Antarctica, the name itself resonates with exclusivity in travel. Even thinking of going to Antarctica brings chills. Long back, I attended a travel talk where this young gentleman was talking about his Antarctica expedition. It was truly breathtaking and inspiring. Since then, I have wanted to go there too but then forgot about it somewhere amidst the drudges of life. Then recently, I came across HolidayMe travel website that rekindled my aspirations about this extreme trip.
One of the few remaining wildernesses of our planet, Antarctica is a harsh continent, to survive. Harsh and desolate, Antarctica remains dark and frozen for six months while the other six months see days of 24-hours sunlight, melting ice and plenty of native animal activities. Remote and expensive, Antarctica is amongst the most inconceivably demanding tourist destination yet there is a steady rise in number of adventurist tourists. There appears to be a rush to tick-off the seventh continent off from various travel checklists.
Here’s a low-down on my learning from the research on the most difficult expedition one can ever undertake, Antarctica.
Best Time To Visit Antarctica
The best time to visit Antarctica is during summer months from November to March. Sun rays bathe the vast continent 24 hours and allows ample opportunity for shore excursions, treks, sled-treks and to explore the fragile wildlife of the continent. You can see packs of penguins, whales and other native species like Wandering Albatross, Southern Fur Seal, Snowy Sheathbill, Antarctic Skua, Snow Petrel, etc amidst pristine snow.
Modes of Travel
Travelling to Antarctica is limited to cruise liners and small ships. Most of the ships sail from Ushuaia, Tierra del Fuego in Argentina, Port Stanley in the Falkland Islands while a few leave from Punta Arenas in Chile, Buenos Aires in Argentina, or Puerto Madryn in Argentina. Ships cater to groups between 45 to 280 passengers. Smaller ships allow more time for shore visits while larger ships have to follow the strict rule of not allowing more than 100 persons to land on shore. Look out for cruises that are approved by International Association of Antarctica Tour Operators (IAATO). You can even hire yachts but they are quite expensive.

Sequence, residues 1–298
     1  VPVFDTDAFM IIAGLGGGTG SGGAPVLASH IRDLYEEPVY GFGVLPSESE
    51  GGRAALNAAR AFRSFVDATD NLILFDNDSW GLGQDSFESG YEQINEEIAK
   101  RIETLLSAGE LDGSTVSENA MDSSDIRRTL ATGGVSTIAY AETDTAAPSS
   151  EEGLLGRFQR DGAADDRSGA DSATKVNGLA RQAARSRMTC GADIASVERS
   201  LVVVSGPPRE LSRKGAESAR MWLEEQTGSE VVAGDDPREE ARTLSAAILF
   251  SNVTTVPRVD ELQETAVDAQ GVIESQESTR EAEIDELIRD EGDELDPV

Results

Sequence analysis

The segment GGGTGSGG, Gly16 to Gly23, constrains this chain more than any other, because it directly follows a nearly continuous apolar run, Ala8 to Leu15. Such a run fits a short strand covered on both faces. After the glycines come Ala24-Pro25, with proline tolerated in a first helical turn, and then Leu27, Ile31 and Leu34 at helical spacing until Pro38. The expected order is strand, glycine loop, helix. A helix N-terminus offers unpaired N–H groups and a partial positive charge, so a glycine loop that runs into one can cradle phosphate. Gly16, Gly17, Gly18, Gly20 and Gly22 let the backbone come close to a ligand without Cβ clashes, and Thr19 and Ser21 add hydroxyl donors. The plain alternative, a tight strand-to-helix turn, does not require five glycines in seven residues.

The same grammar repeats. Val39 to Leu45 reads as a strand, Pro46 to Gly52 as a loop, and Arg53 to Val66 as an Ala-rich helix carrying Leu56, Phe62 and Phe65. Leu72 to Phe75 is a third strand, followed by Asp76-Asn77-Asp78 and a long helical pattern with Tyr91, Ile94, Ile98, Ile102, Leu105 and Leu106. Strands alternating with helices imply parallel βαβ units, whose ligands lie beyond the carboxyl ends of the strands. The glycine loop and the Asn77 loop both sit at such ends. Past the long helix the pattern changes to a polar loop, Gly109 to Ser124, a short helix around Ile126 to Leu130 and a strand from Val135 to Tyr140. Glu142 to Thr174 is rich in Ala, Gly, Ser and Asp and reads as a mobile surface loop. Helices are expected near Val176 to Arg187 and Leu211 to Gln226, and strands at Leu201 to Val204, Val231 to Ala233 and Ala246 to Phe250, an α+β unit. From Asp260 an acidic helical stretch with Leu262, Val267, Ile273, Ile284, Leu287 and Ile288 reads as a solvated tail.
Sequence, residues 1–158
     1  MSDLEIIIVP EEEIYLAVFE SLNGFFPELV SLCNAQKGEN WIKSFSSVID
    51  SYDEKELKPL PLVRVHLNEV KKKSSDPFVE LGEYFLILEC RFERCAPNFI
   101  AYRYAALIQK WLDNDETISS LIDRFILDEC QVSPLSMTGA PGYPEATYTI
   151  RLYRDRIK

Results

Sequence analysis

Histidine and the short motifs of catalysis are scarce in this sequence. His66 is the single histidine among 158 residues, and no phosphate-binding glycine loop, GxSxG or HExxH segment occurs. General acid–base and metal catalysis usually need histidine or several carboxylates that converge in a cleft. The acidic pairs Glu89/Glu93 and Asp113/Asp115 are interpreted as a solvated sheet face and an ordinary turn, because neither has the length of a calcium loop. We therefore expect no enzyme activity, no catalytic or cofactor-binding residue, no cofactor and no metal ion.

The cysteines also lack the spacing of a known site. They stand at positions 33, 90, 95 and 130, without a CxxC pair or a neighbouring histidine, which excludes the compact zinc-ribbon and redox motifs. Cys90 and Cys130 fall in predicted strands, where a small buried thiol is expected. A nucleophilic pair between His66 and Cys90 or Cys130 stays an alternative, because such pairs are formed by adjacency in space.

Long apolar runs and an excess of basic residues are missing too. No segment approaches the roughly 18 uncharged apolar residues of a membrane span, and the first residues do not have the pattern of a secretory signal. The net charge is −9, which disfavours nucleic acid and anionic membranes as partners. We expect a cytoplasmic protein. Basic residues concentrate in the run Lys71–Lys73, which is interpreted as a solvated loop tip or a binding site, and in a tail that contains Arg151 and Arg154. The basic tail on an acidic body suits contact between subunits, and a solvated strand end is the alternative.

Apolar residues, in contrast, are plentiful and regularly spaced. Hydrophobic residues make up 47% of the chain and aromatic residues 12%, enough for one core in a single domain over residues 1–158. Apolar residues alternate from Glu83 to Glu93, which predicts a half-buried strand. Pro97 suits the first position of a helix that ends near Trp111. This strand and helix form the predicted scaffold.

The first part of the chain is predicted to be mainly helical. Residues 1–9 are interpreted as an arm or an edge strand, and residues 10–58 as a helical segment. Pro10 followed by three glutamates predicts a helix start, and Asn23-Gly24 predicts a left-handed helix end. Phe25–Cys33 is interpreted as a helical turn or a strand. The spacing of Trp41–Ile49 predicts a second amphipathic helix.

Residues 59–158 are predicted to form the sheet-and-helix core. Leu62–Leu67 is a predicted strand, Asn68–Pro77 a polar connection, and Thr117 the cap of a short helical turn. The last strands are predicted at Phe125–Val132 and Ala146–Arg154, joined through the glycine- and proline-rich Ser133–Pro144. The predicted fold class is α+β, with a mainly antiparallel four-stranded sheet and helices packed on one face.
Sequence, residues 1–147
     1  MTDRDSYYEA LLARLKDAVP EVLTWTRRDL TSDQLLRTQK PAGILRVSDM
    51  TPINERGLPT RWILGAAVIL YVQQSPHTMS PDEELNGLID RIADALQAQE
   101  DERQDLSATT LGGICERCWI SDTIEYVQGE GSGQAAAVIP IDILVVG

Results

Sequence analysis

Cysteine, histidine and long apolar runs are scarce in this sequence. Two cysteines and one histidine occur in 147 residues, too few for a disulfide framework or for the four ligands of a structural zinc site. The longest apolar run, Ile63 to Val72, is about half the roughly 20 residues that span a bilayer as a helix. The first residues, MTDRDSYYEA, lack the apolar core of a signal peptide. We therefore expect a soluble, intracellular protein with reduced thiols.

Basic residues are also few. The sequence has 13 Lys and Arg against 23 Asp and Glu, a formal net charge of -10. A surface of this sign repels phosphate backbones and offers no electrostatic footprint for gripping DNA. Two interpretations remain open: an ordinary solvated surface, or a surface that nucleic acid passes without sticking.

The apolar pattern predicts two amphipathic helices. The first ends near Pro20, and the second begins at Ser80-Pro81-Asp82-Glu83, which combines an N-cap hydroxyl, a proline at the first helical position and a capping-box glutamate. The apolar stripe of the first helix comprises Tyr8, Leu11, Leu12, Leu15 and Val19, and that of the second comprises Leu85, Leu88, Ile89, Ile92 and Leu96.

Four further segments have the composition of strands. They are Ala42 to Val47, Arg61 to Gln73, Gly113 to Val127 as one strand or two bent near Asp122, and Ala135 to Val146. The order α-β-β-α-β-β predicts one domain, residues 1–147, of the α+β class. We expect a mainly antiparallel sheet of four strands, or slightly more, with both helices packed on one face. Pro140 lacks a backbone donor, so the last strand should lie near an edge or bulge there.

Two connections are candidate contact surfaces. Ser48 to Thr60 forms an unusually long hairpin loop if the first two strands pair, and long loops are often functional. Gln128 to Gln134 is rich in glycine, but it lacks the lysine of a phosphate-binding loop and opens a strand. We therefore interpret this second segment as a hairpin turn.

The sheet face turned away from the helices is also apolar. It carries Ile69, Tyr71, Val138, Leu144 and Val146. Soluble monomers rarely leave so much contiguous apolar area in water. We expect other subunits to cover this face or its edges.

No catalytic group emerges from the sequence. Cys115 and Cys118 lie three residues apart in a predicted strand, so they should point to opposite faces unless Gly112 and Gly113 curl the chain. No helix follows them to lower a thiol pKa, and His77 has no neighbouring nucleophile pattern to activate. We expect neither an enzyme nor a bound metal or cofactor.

Flights are available from Australia, Chile, Argentina and South Africa but are limited and expensive. Bad weather often forces the flights to abort landings on the continent which requires a great degree of technical expertise.
In Antarctica, you won’t find plush hotels. Most of the research labs are controlled by governments of several countries and are often off-limits to tourists unless you are authorised to visit such labs. Therefore, the best option is to remain on ships where you can get meals and hot drinks while you cruise the icy waters of Antarctica and occasionally enjoy shore adventures along with periodic lessons by geologists, conservationists, marine biologists, glaciologists, ornithologists and seasoned photographers.
Tips for Planning Antarctica Trip
Prepare Your Body
Extreme low temperatures often below freezing point is challenging even for the seasoned travelers. Check with a doctor to ensure that you are ready for the demanding trip. Do pack in requisite medicines. Ensure that you are in good physical condition. You must be capable to walk for 5-6 hours at a stretch. Off shore excursion to Antarctica are great but you need to have high levels of physical fitness to get the very best of your treks. Functional training, good cardio form, endurance, strength and stamina training goes a long way in helping you enjoy Antarctica.
Choose Travel Gears Carefully
Opt for good like sturdy shoes, high quality woollen gloves and socks, thermal inners, windcheaters and waterproof jackets, thermal flasks, torch with extra batteries, high SPF sunscreen lotion, headgears and quality sunglasses are essentials of the trip.
Plan Finances To Fund The Trip
Financial planning is also required as the trip is going to burn a hole in your bank balance. Don’t forget to purchase good travel insurance as well.
Be A Responsible Traveller
Antarctica is a fragile land. Hence, be responsible and be conscious of carbon footprints that you leave behind. Avoid littering and going close to the wildlife. Don’t carry rocks, fossils, eggs and stones as souvenirs from the continent. Be careful while hiking in the continent and always listen to the expert advice offered by the trained guides. Avoid hiking on your own as this continent is very difficult to survive and mounting a rescue mission is a very challenging task. Be safe, be curious and enjoy the trip of your lifetime in Antarctica.